Edinburgh litter: When are we going to finally heed Ronnie Corbett and Lulu and keep Britain tidy? – Susan Morrison
They looked like they had been placed there, awaiting a nice mini-picnic and a natter, although the venue seemed a little odd. Right on the verge, just before that roundabout on the way into the airport. Odd spot for a caffeine stop.
Of course, they hadn’t been placed there. Someone, perhaps en route to the airport, had dumped them there. Someone had lowered their car window and consciously turned takeaway into throw away. Remember, if they were travelling to the airport, bins there are not an issue. Loads of other things are, believe me, but finding a place to ditch the wrappers is not.
Who does this? Who still thinks it's acceptable to hurl your empties out into the road? We’ve spent decades battering home the clean-up message.
Years ago, little Ronnie Corbett told us not to drop litter. Lulu told us to Keep Britain Tidy. Of course, they both had an ulterior motive.
Like me, neither managed to break the 5ft 2in barrier. The terror of being engulfed by a sudden wind-borne wave of empty fast-food boxes and crisp packets is never far away for us shorties.
Decades of celebrity lectures – and yet the streets of Edinburgh are paved with wrappers and rubbish.
Even the Highlands are clogged with the detritus of daytrippers, staycationers and people who booked motorhomes for a life on the open road, but forgot to check if the van had an onboard bog. From what I’ve heard of Cairngorm laybys, plastic bags are the least of the horrors you can step in.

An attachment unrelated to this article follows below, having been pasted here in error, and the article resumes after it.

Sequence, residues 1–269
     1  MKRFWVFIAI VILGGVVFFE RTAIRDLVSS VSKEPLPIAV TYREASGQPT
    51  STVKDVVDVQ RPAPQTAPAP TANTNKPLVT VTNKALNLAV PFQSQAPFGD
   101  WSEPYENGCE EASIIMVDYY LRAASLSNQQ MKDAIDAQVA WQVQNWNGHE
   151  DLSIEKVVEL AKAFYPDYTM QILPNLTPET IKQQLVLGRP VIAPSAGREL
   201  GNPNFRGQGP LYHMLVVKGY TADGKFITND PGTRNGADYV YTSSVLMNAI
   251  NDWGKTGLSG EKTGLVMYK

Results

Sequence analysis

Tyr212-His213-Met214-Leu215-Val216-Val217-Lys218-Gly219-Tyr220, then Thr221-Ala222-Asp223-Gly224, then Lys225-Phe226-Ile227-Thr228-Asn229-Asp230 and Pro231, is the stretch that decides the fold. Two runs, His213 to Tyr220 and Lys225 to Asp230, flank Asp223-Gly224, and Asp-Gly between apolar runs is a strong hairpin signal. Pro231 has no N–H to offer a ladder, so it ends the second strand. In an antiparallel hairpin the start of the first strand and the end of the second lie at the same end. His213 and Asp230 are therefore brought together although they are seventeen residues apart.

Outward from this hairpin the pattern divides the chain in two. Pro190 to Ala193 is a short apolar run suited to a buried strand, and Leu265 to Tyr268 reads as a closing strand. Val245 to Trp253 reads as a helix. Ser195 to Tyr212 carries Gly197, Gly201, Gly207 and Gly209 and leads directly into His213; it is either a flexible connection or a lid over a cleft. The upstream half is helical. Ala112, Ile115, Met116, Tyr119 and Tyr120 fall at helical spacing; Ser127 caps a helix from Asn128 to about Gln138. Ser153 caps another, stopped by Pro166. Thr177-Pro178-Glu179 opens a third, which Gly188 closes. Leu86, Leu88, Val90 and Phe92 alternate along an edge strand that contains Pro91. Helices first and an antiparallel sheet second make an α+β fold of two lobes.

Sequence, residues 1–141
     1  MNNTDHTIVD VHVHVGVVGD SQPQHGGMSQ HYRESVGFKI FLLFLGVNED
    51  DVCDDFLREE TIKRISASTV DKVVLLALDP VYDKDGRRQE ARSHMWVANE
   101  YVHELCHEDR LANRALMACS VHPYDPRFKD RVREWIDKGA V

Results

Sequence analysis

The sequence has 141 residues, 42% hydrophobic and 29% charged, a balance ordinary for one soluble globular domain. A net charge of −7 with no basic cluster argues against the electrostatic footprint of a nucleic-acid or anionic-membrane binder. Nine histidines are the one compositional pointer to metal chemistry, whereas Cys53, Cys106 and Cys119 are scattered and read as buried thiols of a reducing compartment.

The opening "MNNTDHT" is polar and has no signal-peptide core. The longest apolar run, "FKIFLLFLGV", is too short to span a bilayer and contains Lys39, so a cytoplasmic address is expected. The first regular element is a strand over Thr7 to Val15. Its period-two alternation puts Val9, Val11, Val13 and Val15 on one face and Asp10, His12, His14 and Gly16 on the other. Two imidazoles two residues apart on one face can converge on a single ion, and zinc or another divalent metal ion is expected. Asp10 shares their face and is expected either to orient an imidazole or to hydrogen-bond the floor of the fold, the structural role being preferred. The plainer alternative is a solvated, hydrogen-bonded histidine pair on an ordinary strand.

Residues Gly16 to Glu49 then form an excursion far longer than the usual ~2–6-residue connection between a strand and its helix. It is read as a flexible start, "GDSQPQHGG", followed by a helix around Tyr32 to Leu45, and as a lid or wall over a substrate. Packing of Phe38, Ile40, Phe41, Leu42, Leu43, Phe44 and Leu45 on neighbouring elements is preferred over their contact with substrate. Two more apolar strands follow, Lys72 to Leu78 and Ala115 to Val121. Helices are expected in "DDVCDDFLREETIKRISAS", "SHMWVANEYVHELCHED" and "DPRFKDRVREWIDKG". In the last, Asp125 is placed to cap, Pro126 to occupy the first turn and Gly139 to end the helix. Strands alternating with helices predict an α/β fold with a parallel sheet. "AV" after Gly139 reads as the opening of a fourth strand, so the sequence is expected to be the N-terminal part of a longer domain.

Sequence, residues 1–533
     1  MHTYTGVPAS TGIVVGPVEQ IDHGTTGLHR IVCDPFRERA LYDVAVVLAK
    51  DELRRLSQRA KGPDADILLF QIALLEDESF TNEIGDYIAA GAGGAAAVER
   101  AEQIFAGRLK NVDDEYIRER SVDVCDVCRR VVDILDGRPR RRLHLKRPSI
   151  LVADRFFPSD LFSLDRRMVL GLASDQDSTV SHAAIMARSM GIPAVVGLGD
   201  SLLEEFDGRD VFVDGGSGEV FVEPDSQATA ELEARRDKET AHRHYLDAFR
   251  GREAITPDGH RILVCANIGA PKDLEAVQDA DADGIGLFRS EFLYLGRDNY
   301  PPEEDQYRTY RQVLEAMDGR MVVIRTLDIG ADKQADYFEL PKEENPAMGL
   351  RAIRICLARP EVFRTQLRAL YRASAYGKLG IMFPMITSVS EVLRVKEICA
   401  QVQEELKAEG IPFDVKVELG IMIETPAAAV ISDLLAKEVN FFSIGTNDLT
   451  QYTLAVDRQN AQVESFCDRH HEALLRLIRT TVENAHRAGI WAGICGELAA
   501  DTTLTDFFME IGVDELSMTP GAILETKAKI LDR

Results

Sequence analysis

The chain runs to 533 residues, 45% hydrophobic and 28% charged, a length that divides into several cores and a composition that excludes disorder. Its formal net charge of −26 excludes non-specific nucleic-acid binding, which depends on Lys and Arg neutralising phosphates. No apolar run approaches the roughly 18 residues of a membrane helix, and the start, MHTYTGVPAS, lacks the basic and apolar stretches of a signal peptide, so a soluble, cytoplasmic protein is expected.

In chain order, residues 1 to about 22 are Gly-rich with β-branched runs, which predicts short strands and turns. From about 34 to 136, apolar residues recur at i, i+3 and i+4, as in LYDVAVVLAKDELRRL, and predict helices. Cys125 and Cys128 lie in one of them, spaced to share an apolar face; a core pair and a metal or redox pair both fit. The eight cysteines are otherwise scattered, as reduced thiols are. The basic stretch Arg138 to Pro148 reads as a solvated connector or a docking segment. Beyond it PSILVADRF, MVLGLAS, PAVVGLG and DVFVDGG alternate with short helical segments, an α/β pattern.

So who are these litter-dumping monsters? Well, let's not discount the role of the seagull in this. This morning two of Leith’s finest cracked a bin at the end of the street. It was like watching the Hatton Garden gang in action. A bag at the top had propped the lid open just enough. Those long yellow beaks got right in and that bag was expertly ripped apart. Looked like they only got some mouldy old dough for their trouble, but the street was redecorated with the bag's contents.
The bulging bins on the Kirkgate are a 24/7 buffet for our feathered friends, with the added ingredient of Bucky-soaked steak bake remains. I’m convinced half the gulls in Leith are permanently plastered.
The gulls make merry with the muck because bins aren’t secure, or they’re overflowing, and because people think that putting rubbish next to a full bin counts as tidying-up. It’s not. It's more like a sort of Deliveroo for assorted vermin.
Astonishingly, some people still shed rubbish in their wake. You’d think young people would know better. After all, they spend hours lecturing us oldies about our planet-killing crimes.
And yet during the summer I watched a bunch of kids on Porty beach have a whale of a time, then just start for home. Mind you, they were stopped by a terrifying woman in the wild swimmer Dryrobe-and-woolly-hat combo who turned the lot of them round to pick it all up. I was so scared of her I helped pick it up, too.
It’s us, we’re the ones litter-louting. Don’t drop rubbish. It’s not that hard. And if the bin is overflowing, take it home.